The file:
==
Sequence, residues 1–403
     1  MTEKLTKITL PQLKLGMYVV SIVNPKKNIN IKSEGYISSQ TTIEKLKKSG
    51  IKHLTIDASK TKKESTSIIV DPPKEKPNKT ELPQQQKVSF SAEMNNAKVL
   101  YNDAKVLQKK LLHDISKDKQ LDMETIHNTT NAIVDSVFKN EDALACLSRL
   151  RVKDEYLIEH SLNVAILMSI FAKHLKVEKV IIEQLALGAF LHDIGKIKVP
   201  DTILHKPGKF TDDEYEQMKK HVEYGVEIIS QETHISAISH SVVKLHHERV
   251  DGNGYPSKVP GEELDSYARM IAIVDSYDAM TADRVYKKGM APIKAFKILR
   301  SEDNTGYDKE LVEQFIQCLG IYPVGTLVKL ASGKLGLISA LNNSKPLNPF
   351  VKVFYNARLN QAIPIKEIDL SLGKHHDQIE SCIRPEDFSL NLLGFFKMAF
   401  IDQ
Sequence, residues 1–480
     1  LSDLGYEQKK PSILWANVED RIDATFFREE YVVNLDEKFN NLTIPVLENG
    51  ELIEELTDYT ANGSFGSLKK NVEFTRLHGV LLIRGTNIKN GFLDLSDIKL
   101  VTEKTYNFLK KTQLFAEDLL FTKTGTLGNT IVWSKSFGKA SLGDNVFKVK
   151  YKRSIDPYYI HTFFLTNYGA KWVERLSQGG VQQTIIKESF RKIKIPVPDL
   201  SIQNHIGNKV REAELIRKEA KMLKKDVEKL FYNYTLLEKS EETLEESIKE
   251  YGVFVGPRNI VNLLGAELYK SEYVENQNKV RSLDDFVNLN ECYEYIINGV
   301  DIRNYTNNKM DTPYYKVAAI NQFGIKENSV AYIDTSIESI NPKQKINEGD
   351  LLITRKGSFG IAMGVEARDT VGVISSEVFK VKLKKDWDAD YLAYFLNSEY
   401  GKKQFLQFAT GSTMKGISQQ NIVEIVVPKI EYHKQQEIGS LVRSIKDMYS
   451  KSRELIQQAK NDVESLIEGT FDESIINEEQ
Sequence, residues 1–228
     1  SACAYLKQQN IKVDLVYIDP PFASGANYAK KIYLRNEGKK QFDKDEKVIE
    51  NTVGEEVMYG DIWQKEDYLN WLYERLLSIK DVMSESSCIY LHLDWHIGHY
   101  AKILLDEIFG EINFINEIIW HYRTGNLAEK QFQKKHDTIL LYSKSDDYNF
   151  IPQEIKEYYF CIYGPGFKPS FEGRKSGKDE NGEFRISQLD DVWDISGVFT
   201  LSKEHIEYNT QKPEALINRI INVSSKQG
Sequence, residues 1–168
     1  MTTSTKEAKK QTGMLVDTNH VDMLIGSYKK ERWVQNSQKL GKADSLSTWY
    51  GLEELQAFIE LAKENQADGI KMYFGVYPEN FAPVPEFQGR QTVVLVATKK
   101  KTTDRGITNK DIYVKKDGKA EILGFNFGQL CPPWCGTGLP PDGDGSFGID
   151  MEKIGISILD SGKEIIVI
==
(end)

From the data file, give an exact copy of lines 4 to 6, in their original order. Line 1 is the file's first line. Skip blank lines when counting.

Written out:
   101  YNDAKVLQKK LLHDISKDKQ LDMETIHNTT NAIVDSVFKN EDALACLSRL
   151  RVKDEYLIEH SLNVAILMSI FAKHLKVEKV IIEQLALGAF LHDIGKIKVP
   201  DTILHKPGKF TDDEYEQMKK HVEYGVEIIS QETHISAISH SVVKLHHERV